In 1857, Adolphus Busch left Germany and immigrated to the United States. In 1876 Budweiser was brewed for the first time, in the style of the Bohemian lager beers that had become so popular in Busch’s native Germany. Busch used a variation of what Budweiser beers in Europe had been called, “The Beer of Kings” (as the town of Budweis was originally founded by King Ottakar II of Bohemia) for his own beer, calling it “The King of Beers” which led to the iconic crown that has defined Budweiser’s aesthetic ever since.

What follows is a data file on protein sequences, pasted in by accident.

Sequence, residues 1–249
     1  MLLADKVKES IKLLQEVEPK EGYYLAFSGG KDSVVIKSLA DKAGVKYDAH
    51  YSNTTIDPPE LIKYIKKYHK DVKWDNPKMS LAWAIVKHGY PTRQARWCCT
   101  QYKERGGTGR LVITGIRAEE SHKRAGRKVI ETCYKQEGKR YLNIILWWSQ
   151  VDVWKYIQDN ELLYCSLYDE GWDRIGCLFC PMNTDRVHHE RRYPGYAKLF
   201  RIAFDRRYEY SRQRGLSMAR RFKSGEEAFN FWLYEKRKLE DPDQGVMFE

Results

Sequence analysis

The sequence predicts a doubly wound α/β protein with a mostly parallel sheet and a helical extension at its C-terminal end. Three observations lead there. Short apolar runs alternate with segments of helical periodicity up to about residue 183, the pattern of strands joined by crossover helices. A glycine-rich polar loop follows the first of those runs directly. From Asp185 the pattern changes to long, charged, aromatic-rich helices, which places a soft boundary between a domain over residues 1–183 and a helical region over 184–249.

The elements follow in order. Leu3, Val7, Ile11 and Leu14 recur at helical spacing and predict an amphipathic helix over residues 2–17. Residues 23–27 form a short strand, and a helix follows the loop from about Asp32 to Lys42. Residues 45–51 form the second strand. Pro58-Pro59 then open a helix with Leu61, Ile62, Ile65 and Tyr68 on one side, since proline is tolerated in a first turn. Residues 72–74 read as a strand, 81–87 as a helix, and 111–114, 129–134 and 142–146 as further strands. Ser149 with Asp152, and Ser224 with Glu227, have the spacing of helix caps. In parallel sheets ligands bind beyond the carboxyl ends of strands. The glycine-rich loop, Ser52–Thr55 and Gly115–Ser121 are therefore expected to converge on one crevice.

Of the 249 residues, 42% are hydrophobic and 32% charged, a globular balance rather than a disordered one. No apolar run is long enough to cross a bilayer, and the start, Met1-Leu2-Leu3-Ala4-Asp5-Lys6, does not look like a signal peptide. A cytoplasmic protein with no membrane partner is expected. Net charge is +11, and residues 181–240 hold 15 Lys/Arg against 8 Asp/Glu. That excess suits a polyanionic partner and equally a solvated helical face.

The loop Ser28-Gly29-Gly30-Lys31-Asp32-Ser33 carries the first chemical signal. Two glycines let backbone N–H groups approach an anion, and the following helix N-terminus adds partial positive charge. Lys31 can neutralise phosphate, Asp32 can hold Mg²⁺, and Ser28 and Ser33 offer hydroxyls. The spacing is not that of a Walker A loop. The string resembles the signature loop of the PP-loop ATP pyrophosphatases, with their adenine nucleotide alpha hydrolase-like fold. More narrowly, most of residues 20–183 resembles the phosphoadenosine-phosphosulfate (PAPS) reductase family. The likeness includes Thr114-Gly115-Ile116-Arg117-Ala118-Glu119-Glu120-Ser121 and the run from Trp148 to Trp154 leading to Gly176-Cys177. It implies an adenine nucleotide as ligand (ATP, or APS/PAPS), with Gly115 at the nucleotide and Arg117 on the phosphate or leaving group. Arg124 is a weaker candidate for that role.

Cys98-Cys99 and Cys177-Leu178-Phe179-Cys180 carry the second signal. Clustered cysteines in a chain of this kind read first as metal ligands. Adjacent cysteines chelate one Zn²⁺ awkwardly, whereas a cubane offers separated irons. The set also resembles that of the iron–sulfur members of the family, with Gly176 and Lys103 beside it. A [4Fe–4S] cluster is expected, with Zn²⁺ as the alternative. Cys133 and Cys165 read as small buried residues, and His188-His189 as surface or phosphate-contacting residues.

Production was suspended during Prohibition, and during World War II Budweiser gave up its west coast market to save space on railcars for the war effort. Following World War II, Budweiser began a marked climb, reaching 25 million barrels per year in sales by 1977, and almost doubling that number by 1988. In 1982, Budwesier expanded its offerings with Bud Light, which exploded into popularity almost immediately, and which continues to be enjoyed by millions of Americans today.
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